The results of a pioneering UK-wide clinical trial that compared treatments for patients with a common type of kidney disease has found one to be significantly more effective. The results of the study, published online in The Lancet, will be recommended to clinicians worldwide as the most effective approach to treating the condition.
The Medical Research Council-funded study, led by researchers from the University of Bristol’s Academic Renal Unit based in Southmead Hospital, compared three treatment approaches in a type of kidney disorder known as ‘membranous nephropathy’.
The condition, which leads to changes and inflammation of the structures inside the kidney that help filter wastes and fluids, is usually managed with immunosuppressive drugs but has a high risk of causing kidney failure in patients. Previous studies of the disorder, which is costly to treat (kidney failure treatments cost $40 billion in the US in 2008), show that once kidney function starts to decline, continued deterioration can be expected.
The research team, led by Professor Peter Mathieson, Dean of the Faculty of Medicine and Dentistry, carried out a randomised controlled trial involving 108 patients with 20 per cent decline in renal function at 37 renal units across the UK. The patients were randomised to one of three treatment approaches and followed up by the team over three years.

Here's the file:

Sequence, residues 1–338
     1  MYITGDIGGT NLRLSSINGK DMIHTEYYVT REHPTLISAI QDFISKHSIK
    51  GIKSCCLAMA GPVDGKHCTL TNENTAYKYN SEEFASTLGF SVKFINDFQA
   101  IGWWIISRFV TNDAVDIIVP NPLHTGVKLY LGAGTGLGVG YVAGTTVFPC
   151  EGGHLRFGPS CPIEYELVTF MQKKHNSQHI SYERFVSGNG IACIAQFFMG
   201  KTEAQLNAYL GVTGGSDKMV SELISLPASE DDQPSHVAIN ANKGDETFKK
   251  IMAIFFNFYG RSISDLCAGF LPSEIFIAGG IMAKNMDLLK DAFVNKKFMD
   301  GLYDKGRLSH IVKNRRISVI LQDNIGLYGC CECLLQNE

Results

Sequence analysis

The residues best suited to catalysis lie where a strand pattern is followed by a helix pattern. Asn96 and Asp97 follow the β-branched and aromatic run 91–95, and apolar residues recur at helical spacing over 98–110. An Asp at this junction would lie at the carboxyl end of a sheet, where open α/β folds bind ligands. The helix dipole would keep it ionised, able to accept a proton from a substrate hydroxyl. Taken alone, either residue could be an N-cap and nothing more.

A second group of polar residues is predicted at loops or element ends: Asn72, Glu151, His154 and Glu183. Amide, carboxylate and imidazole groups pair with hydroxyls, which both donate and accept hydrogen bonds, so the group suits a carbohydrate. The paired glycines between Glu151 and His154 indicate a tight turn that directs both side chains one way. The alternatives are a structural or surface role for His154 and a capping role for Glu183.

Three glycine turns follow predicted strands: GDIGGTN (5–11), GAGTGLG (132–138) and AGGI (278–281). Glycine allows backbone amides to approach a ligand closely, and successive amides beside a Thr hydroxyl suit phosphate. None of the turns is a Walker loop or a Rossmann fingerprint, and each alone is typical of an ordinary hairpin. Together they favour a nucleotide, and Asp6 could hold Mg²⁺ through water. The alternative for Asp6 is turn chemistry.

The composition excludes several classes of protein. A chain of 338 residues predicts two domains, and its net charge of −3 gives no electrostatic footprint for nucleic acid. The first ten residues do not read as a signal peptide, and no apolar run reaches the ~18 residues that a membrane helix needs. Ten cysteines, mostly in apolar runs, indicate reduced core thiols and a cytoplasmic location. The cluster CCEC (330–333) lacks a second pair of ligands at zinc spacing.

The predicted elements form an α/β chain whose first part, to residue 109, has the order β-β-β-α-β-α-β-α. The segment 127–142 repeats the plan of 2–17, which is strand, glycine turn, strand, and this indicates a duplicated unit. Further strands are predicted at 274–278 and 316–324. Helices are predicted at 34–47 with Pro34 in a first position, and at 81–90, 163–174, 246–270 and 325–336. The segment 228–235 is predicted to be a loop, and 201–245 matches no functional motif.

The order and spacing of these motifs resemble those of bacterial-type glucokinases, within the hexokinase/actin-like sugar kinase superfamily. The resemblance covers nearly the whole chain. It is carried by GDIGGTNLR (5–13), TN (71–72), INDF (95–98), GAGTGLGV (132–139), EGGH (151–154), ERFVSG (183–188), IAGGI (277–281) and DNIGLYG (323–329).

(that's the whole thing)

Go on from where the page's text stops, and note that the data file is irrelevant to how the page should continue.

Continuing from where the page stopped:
The team evaluated results from 33 patients who were treated with prednisolone and chlorambucil, 37 patients with ciclosporin and 38 who were provided with supportive therapy alone.
They found that for patients with membranous nephropathy, six months’ therapy with alternating monthly cycles of prednisolone and chlorambucil was the most effective option. This approach was shown to be the most effective in preventing further renal decline in patients with the benefits maintained over the three-year study period and thus the recommended treatment approach.
Professor Mathieson, the study’s lead author and Dean of the Faculty of Medicine and Dentistry at the University, said: “Kidney failure is a devastating condition that is difficult and expensive to treat and our best strategies are to aim to prevent it wherever possible by more effective treatment of the underlying kidney problems. This clinical trial took a very long time to complete and I was helped by kidney specialists, research nurses and patients in Bristol and all over the UK. The results improve the evidence-base for our treatments in this form of kidney disease.”
The study, entitled Immunosuppression for progressive membranous nephropathy: a UK randomised controlled trial, was funded by the Medical Research Council, Novartis, the Renal Association and Kidney Research UK and is published online in The Lancet. Professor Mathieson would particularly like to thank Tracey Chapman (trial administrator) and Maria Langdon (research nurse) both based in Bristol for all their hard work and the Medical Research Council for the principal funding.